is gone, and forgotton, and doesn’t qualify as the best Royals pitcher over the past 5 years. Ron Chenoy-USA TODAY Sports
Oh, to be the forgotten man. While everyone is talking “Santana, Santana, Santana,” what do you suppose the Kansas City Royals’ best pitcher over the past 5 years is doing? To whom, you might ask, am I referring?
No, not Luke Hochevar. Aside from his breakthrough year in 2013, when he was tossed into the bullpen like a banana peel on the trash heap, only to emerge smelling like a rose with a 1.92 ERA in 58 appearances, his best ERA in the past 5 years was 4.68 with no winning seasons.
Zach Grienke? Can’t count him. He only hurled for the Royals in 2 of the past 5 years, before hurling insults and disdain at the team who salvaged him off the mental trash heap, hastening his trade in 2010.
Brian Bannister? Ahem! Jeff Francis? Oh boy…no. Kyle Davies? That’s enough.
It’s Bruce Chen, of course.
Santana had a good year for the Royals, better than most expected. While his won-loss record (9-10) wasn’t remarkable, he did post his single best season ERA of his career (3.24), compliments of a spacious Kauffman Stadium, a solid defense and an improved slider.
His ERA was markedly better in the second half, improving from 3.63 in the first half to 2.63 in the back half. The only month Santana would just as soon forget is the same month the Royals would like to have as a do-over: May. Santana went 0-4 that month with a 4.72 ERA in 5 starts, emblematic of the Royals abysmal 8-20 May.
The Royals will tender a qualifying offer to Santana, somewhere in the neighborhood of $13 million for one year, to ensure they at least receive a high compensatory draft pick in return if he signs elsewhere.
The market, Santana’s age and the Royals’ belief in whether or not he will continue to command his sinker in spacious Kauffman Stadium all will determine whether or not he wears Royal blue for the coming years.
But while the popular spotlight may be on Santana, it’ll be easy to forget that negotiations will also be going on with the Royals best starter over the past 5 years: Bruce Chen.
That’s right, that guy! For a team that has managed a 361-449 record over the past 5 years with only one year above water, Chen somehow managed a winning record of 45-39. Over that span, his ERA was 4.32, his strikeouts per 9 innings were a so-so 6.1 and he handed out nearly 3 free passes per 9 innings. His walks/hits per innings pitched (WHIP) totalled 1.368. In other words, he allowed runners all over the place. Yet, he’s a winner.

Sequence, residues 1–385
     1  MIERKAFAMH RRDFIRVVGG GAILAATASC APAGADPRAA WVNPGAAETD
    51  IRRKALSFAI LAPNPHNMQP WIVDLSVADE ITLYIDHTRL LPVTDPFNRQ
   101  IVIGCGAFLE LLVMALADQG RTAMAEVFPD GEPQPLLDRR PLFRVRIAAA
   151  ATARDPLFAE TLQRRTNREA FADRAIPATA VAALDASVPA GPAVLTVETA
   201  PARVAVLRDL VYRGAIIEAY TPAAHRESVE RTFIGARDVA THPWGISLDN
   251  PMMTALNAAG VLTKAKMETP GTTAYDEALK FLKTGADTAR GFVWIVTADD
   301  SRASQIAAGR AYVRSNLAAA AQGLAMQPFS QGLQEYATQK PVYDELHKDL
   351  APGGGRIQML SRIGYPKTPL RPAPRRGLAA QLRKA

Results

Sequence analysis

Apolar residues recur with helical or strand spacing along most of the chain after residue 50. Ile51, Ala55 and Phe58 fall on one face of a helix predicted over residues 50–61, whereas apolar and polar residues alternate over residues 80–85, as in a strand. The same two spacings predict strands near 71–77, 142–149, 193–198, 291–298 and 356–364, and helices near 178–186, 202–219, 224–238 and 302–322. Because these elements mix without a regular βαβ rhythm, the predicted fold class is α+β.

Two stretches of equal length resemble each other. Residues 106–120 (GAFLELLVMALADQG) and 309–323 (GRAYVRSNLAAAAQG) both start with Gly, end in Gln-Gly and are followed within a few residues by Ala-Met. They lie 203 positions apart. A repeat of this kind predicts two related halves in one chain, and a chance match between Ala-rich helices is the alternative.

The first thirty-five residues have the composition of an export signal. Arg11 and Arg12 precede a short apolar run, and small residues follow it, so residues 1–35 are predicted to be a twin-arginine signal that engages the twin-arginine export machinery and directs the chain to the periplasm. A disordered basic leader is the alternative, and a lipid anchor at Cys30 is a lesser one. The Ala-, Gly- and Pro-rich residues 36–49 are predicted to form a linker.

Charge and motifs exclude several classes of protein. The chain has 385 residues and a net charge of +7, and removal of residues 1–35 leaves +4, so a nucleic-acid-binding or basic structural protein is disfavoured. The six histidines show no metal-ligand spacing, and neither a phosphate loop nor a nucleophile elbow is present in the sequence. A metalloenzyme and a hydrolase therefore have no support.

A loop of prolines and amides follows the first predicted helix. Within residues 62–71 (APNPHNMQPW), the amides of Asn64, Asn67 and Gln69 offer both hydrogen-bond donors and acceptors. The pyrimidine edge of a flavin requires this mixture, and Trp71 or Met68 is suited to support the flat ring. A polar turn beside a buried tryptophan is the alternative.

Chen has shared a spot in the Royals rotation with such fan favorites as Gil Meche and Greinke, and such forgettable players as Sean O’Sullivan and Vin Mazzaro. But only Luke Hochevar shared a rotation spot with Chen over the duration of the past 5 years. So, let’s look at Luke.
Hochevar’s record during the past 5 years? A sub-par 37-48, 6.9 strikeouts per 9 innings and a 1.335 WHIP.
Squint and you’d think you’re looking at Chen’s numbers. With one exception: Chen had a winning record the past 5 years. Luke? Not so much.
There’s nothing underhanded in acknowledging that Bruce Chen has been the Royals best pitcher over the duration of the past 5 years. Denny Medley-USA TODAY Sports
At age 36, Chen racked up a 9-4 record this year with a 3.27 ERA. Perhaps his best years are ahead of him?
Jaime Moyer, another soft-tossing, crafty lefty like Chen, pitched until age 49 and had 9 winning seasons after the age of 36. Any comparison of Chen to Moyer stops there. Moyer had 141 wins at age 36, Chen has 80.
Chen only pitched 121 innings this year, and some may say that is a sign of him slowing down. But, deservedly, Luis Mendoza won the 5th starter slot in Spring Training. Conversely, when Mendoza fizzled mid-season, it was Chen, not Hochevar, who got the call to step into that spot. And don’t forget, Chen started 34 games in 2012, the most in the American League, while pitching 191.2 innings. It’s certainly possible he could toss another 191 innings in 2014.
He may not pitch until age 49 as Moyer did. And he may not toss 200 innings per season as Santana does.
But over the past 5 years, there has been one reliable constant in the Royals rotation. He’s not overpowering. He’s not flashy. He’s doesn’t even have the greatest personal stats.
But he wins. And that’s something the Royals can’t overlook this off-season while everyone else is talking “Santana, Santana, Santana.”